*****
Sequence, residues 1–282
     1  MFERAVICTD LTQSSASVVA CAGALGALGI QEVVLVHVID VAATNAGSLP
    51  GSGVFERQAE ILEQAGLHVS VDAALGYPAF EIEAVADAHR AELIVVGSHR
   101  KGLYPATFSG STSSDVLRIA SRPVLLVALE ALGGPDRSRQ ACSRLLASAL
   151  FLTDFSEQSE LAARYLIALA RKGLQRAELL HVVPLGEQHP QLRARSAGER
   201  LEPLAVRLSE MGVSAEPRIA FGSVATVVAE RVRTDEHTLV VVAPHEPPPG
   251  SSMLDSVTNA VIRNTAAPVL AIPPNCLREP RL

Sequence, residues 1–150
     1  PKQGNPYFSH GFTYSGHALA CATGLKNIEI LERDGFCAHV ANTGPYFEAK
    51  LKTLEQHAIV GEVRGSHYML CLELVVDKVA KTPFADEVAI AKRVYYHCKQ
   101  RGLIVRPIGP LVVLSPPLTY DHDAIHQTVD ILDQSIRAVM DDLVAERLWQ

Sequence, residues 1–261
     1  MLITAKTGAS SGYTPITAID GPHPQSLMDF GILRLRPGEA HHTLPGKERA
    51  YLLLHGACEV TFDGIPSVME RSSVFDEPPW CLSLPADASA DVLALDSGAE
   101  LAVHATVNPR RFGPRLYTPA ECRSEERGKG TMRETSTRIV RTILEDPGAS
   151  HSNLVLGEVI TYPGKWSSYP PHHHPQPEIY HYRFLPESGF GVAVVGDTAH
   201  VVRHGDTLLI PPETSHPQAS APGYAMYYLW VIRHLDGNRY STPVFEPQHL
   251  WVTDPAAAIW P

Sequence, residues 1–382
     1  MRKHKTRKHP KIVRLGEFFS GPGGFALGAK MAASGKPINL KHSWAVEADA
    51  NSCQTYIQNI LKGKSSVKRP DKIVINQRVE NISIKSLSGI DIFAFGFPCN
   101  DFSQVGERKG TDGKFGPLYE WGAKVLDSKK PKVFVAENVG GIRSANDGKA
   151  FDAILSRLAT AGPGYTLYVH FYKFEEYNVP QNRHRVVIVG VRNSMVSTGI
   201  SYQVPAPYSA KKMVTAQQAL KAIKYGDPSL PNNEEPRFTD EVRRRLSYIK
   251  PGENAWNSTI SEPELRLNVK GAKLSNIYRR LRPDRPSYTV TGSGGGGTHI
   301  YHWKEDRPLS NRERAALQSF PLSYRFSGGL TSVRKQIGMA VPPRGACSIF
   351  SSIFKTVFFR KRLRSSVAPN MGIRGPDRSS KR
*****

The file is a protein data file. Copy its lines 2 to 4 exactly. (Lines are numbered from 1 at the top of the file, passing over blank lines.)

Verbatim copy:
     1  MFERAVICTD LTQSSASVVA CAGALGALGI QEVVLVHVID VAATNAGSLP
    51  GSGVFERQAE ILEQAGLHVS VDAALGYPAF EIEAVADAHR AELIVVGSHR
   101  KGLYPATFSG STSSDVLRIA SRPVLLVALE ALGGPDRSRQ ACSRLLASAL